I attended an event yesterday that was more than 30 years in the making.
As I looked around the White House Office of Urban Affairs listening tour meeting at a packed Philadelphia warehouse space and saw low-income residents and local leaders mingling with some of our nation’s most powerful people (including two cabinet secretaries!), I thought back on where the fight for equitable access to healthy food started for me.
It was 1979 and I was recently out of UC-Berkeley Law School and working for the public-interest law firm Public Advocates when a group of residents of a low-income, African-American neighborhood in San Francisco approached me to see if I could help stop their community’s one and only supermarket from leaving. In my hometown of St. Louis, I had seen first-hand the neglect and despair that festered after supermarkets left poor communities there.
No one had ever tried before to find a legal theory that would provide communities access to healthy food, so we were on uncharted legal ground. Using interviews with more than 150 residents of local communities threatened by a lack of food access, we eventually filed an administrative petition with then-Gov. Jerry Brown seeking redress to the problem of the exodus of supermarkets from low-income communities. The Governor was remarkably responsive: appointing a commission that held hearings throughout the state. Because of the determination of those residents, California began a slow move toward improving healthy food access for millions of our neighbors; the petition sparked farmers’ markets, cooperative buying clubs, a few cooperative markets — but, unfortunately, not one supermarket.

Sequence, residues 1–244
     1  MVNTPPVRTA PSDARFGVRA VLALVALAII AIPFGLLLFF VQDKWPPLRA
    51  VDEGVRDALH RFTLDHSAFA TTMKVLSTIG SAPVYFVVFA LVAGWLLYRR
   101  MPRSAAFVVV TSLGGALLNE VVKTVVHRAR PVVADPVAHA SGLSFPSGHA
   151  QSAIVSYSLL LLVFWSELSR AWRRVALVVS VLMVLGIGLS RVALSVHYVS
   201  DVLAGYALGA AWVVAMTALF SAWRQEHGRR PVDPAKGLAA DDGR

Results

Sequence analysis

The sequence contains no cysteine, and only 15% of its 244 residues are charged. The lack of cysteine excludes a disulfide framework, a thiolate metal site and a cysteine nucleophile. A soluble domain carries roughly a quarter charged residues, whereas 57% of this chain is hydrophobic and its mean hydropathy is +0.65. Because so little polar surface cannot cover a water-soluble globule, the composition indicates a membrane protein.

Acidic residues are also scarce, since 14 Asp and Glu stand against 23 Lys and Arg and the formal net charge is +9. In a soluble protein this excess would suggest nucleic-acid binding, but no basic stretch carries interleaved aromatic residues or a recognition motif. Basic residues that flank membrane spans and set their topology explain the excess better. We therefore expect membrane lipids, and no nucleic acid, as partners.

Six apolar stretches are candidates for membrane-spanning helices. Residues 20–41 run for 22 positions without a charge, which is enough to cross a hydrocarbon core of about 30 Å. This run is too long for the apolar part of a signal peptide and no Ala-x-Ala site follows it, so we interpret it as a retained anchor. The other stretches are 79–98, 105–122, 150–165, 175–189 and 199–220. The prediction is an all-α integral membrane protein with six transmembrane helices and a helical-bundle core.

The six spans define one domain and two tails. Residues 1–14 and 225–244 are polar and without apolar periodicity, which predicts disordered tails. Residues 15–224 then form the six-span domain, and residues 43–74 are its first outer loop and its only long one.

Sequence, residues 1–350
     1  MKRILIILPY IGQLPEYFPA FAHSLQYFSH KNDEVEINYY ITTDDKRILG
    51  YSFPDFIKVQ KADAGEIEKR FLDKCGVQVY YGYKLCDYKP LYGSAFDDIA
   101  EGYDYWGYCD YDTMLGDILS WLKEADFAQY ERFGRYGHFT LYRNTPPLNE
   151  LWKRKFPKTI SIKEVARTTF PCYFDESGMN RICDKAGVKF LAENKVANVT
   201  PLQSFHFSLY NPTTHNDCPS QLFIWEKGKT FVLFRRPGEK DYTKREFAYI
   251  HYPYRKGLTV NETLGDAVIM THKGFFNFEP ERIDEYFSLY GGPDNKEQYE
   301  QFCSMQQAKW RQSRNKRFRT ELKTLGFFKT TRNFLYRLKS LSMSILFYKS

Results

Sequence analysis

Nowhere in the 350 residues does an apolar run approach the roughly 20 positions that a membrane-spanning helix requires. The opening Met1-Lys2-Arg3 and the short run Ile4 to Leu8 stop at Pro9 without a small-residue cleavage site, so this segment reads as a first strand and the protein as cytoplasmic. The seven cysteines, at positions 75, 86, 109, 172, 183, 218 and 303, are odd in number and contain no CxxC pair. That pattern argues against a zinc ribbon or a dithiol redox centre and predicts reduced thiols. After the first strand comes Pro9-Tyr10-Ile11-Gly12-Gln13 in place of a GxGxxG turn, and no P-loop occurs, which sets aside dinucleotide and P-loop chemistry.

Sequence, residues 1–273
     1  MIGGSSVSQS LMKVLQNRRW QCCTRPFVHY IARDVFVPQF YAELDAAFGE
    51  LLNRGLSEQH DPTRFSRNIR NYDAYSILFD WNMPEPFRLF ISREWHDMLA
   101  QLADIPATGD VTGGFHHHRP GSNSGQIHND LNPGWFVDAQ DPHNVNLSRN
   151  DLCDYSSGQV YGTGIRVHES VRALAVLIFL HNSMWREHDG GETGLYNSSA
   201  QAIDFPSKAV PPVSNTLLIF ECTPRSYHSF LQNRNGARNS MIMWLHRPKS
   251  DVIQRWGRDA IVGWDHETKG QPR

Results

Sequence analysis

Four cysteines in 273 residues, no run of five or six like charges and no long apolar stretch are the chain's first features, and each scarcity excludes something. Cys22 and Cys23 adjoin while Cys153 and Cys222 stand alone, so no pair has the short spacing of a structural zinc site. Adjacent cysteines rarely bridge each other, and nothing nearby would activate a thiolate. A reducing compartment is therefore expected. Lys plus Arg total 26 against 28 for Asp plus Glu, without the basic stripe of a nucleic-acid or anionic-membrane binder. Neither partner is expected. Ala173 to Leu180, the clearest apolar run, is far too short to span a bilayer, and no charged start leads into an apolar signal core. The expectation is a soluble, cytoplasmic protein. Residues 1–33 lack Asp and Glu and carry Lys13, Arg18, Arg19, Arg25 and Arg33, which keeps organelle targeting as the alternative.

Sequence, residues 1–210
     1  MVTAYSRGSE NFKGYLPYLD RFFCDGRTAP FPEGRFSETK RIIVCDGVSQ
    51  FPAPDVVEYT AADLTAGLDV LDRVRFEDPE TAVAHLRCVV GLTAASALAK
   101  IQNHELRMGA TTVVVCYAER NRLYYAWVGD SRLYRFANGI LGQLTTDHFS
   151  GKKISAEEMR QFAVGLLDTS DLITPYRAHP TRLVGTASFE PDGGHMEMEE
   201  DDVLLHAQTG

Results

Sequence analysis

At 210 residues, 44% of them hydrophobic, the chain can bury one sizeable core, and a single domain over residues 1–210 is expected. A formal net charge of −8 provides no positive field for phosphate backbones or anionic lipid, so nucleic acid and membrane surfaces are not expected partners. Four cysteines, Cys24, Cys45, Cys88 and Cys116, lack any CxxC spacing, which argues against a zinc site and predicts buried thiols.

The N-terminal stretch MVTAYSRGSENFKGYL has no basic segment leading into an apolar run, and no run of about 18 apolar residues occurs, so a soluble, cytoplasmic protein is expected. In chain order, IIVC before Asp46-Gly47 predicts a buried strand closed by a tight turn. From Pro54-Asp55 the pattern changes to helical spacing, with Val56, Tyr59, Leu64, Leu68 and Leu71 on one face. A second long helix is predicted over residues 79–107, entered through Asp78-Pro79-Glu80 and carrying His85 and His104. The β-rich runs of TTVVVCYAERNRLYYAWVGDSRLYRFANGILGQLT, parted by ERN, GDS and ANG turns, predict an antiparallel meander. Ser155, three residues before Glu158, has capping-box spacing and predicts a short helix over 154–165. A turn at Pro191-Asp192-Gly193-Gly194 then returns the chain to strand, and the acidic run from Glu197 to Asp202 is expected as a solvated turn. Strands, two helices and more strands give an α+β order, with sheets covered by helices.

In the years since, equitable food access has been mostly relegated to a local issue, with fights cropping up sporadically in neighborhoods as local supermarkets threaten to leave. We had seen some successes — like San Diego’s Market Creek Plaza or the Pathmark in Harlem — but the victories had been hard to come by. That is, until about five years ago, when Pennsylvania’s Gov. Ed Rendell began to listen to the ideas and innovation of his constituents and the leadership of The Food Trust and The Reinvestment Fund. Out of that collaboration came the Fresh Food Financing Initiative, a remarkable program that has helped open dozens of markets and seed more than 3,700 jobs in under-served communities.
Now, through the tireless efforts of residents and advocates, the White House Office of Urban Affairs has shown real interest in learning about this proven program, hopefully to take the ideas and solutions to the national scale. White House leaders want to lift up the program and hear how it is impacting real people. For the first time, I can see that the fight for equitable food access is winnable.
I cannot stress enough how important and exciting it is to have a White House willing to listen to new and innovative ideas. This administration — in virtually every office and agency — seems to recognize that all Americans deserve to live in a community of opportunity.
But that does not mean progress will happen on its own. Far from it. The most important attribute the equity movement has going for it is our tenacity. Thirty years ago, when those residents came into my office to ask for help in improving their community, I knew it would be a long, hard fight. But sitting in Philadelphia this week, I felt emboldened to keep fighting, to keep pushing, because success is always within our grasp.
We must demand equity now.